Our Future with Forest Fires: A Climate Action Symposium

As our climate changes and forest fires increase in number and intensity what does our future with Forest Fires look like in the Sea-to-Sky Region?

The Association of Whistler Area Residents for the Environment (AWARE) and the Sea to Sky Clean Air Society, two local charities with environmental and climate oriented mandates, hosted a Climate Action Symposium in Whistler on June 23rd from 12:30 to 5:30 at the Maury Young Arts Centre.

The symposium featured a series of short talks exploring wildfire mitigation and adaptation opportunities, followed by an inquiry based Apres in Action. Participants learned about forest health and ecology, including traditional and modern use of burning as a wildfire management tool; wildfire smoke impacts and action planning for smoke events; FireSmart prescriptions for residential and commercial property owners; and impacts of wildfire on tourism, recreation and development.

Participants walked away with a deeper understanding of what a future with many more wildfires will entail.

Climate science predicts hotter, drier summers, which means an increase in the number and severity of wildfires across Canada (source). According to the BC Wildfire Service nearly three times as many hectares burned in 2015 as the 10-year average (source).

The last couple of months have been the hottest on record, with records broken in Squamish and Whistler, which means we could be in for another summer of bad wildfires. “May’s early hot streak comes on the heels of the warmest April on record in Vancouver, where the average monthly temperature was 11.9, up from the 9.4 typically recorded for April” (source).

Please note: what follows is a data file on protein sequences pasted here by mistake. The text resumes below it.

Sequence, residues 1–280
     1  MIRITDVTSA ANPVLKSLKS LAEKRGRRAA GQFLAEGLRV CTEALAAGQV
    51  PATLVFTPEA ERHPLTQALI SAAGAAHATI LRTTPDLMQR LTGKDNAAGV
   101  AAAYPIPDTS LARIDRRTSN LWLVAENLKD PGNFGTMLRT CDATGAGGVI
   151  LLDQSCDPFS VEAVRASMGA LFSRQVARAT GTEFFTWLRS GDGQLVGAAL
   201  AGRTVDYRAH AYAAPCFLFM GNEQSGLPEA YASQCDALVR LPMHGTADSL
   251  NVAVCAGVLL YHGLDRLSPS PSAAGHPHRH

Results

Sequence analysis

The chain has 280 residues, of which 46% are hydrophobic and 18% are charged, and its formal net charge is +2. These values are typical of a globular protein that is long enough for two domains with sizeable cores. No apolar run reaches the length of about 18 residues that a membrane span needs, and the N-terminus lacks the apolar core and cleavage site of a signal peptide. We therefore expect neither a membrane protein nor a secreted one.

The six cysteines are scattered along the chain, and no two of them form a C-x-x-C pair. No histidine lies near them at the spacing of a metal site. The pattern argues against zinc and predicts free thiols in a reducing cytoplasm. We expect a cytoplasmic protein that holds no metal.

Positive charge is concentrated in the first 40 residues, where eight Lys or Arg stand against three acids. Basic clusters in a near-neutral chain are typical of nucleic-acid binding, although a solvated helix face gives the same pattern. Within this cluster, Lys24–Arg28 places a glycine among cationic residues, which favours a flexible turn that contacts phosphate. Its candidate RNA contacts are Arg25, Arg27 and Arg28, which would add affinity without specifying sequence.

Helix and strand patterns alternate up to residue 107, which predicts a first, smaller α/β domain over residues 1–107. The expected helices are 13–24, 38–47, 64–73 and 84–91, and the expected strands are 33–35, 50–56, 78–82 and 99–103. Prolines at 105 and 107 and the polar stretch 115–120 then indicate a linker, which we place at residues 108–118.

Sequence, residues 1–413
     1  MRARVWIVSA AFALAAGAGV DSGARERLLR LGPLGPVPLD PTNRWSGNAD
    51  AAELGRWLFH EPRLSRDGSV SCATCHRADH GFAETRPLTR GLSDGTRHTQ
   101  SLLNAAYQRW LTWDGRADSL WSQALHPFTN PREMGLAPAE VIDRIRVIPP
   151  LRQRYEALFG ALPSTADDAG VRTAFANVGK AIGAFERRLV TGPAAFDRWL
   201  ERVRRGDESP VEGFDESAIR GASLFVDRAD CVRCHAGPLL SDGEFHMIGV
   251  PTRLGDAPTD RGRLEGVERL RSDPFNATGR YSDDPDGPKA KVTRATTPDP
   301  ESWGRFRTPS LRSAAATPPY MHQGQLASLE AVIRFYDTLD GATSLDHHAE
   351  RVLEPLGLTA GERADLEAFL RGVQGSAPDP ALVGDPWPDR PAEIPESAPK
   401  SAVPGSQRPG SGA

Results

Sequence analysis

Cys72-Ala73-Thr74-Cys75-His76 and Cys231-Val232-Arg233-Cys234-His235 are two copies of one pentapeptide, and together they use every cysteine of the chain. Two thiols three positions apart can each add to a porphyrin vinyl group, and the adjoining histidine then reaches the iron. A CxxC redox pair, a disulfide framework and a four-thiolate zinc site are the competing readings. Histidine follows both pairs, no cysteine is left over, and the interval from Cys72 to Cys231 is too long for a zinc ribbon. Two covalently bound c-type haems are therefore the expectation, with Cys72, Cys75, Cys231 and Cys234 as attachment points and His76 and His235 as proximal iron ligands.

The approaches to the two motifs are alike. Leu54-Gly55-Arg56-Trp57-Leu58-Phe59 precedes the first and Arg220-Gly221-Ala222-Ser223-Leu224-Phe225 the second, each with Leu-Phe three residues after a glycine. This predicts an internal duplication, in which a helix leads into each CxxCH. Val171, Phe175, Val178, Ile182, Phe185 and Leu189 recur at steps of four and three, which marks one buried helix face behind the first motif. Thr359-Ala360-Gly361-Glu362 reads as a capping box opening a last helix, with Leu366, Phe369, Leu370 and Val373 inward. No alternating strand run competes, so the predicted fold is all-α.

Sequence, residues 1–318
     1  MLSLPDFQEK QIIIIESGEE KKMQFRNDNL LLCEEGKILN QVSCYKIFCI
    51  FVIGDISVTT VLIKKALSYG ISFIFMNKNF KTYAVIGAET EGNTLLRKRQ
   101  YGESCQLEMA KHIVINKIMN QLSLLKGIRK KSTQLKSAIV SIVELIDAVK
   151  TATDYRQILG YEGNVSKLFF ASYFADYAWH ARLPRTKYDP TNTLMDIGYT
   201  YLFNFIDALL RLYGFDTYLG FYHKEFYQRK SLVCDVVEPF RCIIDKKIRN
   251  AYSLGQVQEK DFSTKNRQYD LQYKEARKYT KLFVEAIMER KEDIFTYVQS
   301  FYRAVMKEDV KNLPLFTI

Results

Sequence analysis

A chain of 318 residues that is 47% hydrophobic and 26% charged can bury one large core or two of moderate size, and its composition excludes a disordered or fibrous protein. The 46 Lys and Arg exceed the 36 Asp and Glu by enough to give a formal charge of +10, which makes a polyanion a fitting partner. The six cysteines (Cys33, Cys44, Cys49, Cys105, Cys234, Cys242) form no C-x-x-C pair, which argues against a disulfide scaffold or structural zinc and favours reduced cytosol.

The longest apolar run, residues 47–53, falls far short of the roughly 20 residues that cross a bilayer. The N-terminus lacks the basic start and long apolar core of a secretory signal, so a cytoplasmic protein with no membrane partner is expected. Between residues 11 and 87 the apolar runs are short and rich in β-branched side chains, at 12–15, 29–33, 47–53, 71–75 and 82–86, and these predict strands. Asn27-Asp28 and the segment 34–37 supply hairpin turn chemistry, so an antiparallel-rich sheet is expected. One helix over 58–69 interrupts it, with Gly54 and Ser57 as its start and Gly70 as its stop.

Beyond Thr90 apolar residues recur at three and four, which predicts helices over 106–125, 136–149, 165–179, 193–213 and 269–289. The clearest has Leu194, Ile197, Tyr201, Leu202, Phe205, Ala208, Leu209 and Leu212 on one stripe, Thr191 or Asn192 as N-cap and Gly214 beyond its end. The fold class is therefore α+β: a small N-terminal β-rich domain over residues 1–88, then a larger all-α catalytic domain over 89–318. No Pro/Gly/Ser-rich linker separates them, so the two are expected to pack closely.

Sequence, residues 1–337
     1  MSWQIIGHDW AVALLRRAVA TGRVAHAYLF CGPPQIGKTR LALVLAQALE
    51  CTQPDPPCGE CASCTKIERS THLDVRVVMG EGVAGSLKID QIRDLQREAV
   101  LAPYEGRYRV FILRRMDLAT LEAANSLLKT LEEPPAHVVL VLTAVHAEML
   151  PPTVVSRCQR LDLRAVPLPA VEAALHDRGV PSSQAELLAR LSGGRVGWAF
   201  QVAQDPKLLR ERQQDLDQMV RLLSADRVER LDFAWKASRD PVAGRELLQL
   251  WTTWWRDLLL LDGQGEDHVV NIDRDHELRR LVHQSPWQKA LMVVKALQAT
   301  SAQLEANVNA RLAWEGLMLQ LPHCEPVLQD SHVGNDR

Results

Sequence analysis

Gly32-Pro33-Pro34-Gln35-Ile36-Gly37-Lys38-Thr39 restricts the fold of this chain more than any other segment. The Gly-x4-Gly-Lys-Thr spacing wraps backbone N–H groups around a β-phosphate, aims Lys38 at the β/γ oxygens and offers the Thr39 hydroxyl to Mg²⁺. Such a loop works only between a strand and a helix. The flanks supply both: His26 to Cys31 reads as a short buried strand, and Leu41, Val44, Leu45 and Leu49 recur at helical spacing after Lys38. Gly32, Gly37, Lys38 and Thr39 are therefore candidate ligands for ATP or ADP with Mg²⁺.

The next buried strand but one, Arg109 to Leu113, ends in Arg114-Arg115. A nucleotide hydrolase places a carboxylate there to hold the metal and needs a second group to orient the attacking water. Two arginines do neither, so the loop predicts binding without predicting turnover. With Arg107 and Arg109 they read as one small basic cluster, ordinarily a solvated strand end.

The 2016 Fort McMurray fire, which resulted in the evacuation of 90,000 residents, and loss of about 1600 buildings, is a tragic example of the devastation a wildfire can quickly wreak on a community. It is imperative that communities plan for such events to minimize losses of life and property.

The Association of Whistler Area Residents for the Environment (AWARE) and the Sea to Sky Clean Air Society will be hosting a Climate Action Symposium.


Bruce Blackwell – M.Sc., RPF, R.P.Bio. –  Principal, BA Blackwell & Associates

Bruce has more than 28 year’s experience as a Professional Forester and Biologist primarily focused in fire and forest ecology, silviculture, vegetation management, wildland/urban interface planning, forest policy and practice audits and reviews. His talk will examine the historical to present day role of wildfire on forest health/ecology including the protection of communities in the region and the application of prescribed fire in this context.

Dr. Sarah Henderson – BASc, PhD – Assistant Professor, UBC

Dr. Henderson will share insights into health impacts related to forest fire smoke, which she has been studying since 2003. She leads an internationally recognized program of research and surveillance around forest fire smoke at the BC Centre for Disease Control.

Geoff Playfair – Fire Chief, Whistler Fire Rescue Services

Chief Playfair has been with Whistler Fire Rescue Services for over 30 years and was appointed Chief in 2015. He will be speaking about FireSmart and opportunities for mitigating wildfire threats around homes, property and neighbourhoods.

Scott Shaw-MacLaren – Resource Manager Sea to Sky Natural Resource District Ministry of Forests, Lands and Natural Resource Operations 

Scott has years of experience reviewing resource development and tourism projects, species recovery and monitoring activities, and other resource management ventures. His talk will explore opportunities for adapting to the new wildfire reality, examining regional wildfire impacts on key values like tourism, recreation, and development.

The project aims to empower community members to participate in, and act upon, goals for conscious consumption in the urgent context of unsustainable resource use and climate change. We hope to achieve this by ensuring

  • Community members gain knowledge about climate change mitigation and adaptation measures at personal, community, regional and global scales.
  • Community members engage in development of climate solutions and promote positive community scale climate action.
  • Community members experience a sense of contribution to the event, the pursuit of climate actions and the community.
  • Specialist knowledge shared with community members is relevant and pertinent.

This event was made possible thanks to funding from the Community Foundation of Whistler’s Environmental Legacy Fund and the additional support of the BC Lung Association.